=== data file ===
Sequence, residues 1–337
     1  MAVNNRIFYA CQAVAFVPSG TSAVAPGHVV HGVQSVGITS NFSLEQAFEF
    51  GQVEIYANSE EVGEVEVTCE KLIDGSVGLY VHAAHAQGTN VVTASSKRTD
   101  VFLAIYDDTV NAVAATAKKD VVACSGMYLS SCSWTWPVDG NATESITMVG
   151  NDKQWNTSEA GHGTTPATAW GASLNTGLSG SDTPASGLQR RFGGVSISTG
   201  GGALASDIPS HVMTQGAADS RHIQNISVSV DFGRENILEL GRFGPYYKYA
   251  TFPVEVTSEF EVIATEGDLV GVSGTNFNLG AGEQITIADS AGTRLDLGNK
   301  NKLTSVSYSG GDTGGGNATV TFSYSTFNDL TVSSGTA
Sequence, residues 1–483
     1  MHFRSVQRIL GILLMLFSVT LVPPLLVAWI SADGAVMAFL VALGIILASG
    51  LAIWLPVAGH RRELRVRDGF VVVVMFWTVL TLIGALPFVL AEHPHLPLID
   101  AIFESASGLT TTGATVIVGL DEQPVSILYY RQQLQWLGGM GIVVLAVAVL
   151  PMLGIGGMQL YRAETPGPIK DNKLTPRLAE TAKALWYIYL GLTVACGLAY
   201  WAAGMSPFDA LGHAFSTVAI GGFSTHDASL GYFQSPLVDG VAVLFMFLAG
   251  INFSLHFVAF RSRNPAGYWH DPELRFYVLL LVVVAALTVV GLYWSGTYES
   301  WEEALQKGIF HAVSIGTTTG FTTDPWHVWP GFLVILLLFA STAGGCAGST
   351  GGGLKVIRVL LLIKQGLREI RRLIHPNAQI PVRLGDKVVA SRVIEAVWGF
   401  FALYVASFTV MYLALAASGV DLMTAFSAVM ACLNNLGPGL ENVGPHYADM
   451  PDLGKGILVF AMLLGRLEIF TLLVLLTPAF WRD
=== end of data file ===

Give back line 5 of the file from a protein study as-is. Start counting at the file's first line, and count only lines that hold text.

   151  NDKQWNTSEA GHGTTPATAW GASLNTGLSG SDTPASGLQR RFGGVSISTG